“O’Keeffe! Explores the emotional landscape behind iconic paintings | Arts


“O’Keeffe! Explores the complex relationship between the painter and her photographer husband, Alfred Stieglitz, and “the conversation they had with their art,” McDermott said. O’Keeffe’s bond with Stieglitz, a quarter of a century his senior, was complicated from the start, “but what never changed was that they had great faith in each other’s work. She also influenced him. There was a back and forth. ”

Isolating and pursuing her own independent artistic vision – not something shaped by her art teachers or outside forces – was important enough to O’Keeffe that she destroyed many of her early works to distance herself from influences that did not weren’t his, McDermott said.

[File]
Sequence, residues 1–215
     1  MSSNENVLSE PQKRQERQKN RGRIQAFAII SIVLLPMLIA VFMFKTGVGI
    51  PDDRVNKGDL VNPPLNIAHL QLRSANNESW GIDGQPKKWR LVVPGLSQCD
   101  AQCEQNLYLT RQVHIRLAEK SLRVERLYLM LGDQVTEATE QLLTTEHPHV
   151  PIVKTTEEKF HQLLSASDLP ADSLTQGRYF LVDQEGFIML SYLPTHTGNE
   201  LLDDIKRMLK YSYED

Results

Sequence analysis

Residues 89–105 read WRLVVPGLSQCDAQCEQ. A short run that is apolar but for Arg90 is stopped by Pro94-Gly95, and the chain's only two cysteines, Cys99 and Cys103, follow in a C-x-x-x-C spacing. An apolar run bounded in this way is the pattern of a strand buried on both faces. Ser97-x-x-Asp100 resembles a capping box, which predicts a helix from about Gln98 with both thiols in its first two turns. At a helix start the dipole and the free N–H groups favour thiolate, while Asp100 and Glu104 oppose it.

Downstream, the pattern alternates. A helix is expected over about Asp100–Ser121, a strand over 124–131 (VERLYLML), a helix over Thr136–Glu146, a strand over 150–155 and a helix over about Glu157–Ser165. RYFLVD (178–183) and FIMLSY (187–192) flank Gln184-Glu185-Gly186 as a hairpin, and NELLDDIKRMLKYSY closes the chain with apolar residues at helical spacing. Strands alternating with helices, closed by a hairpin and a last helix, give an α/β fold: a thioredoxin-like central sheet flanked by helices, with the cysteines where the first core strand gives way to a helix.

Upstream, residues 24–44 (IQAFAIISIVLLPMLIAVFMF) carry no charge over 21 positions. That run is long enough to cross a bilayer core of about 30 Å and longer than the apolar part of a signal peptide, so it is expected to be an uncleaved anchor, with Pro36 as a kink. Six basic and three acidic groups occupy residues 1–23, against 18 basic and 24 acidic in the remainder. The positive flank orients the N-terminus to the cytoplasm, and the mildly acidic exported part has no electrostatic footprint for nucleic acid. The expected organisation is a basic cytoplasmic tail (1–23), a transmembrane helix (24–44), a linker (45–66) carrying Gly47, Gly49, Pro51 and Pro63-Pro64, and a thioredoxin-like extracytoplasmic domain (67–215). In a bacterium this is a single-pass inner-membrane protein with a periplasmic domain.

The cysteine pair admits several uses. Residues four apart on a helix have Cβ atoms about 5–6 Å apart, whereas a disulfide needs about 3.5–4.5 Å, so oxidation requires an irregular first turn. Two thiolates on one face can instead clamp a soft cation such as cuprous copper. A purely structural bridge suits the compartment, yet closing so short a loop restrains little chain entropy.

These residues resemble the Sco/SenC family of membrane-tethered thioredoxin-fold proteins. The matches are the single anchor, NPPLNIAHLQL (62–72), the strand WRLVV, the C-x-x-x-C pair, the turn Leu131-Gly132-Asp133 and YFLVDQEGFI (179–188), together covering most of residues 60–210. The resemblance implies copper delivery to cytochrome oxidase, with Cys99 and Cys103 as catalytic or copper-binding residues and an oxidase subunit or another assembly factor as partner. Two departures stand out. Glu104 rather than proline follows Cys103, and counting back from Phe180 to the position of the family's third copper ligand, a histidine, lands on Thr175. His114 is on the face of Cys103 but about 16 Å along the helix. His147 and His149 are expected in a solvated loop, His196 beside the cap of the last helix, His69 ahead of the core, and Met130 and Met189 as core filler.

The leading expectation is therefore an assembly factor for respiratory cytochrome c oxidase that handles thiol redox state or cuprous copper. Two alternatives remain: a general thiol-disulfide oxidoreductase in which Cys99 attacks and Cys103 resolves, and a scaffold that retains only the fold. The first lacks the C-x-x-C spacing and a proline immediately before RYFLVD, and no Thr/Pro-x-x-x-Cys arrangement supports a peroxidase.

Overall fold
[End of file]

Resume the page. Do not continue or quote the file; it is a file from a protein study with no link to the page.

“She had painted herself in a corner,” McDermott said. “The biggest obstacle she had to overcome in her twenties was when she realized that everything she painted was dictated to her by her teachers or other artists.

“The play begins with her assessment of her work at that point – and she can’t see it.”

Starting over meant working in black and white, stripping away everything that didn’t resonate and finally returning to the world of color, which became a quality that distinguished his work.

“You’re talking about a life that spanned 98 years, so his outlook changed over time,” the playwright said. Even in the days of World War I, when women were still struggling to be recognized as artists, “she could at least say what she wanted with her paintings.”

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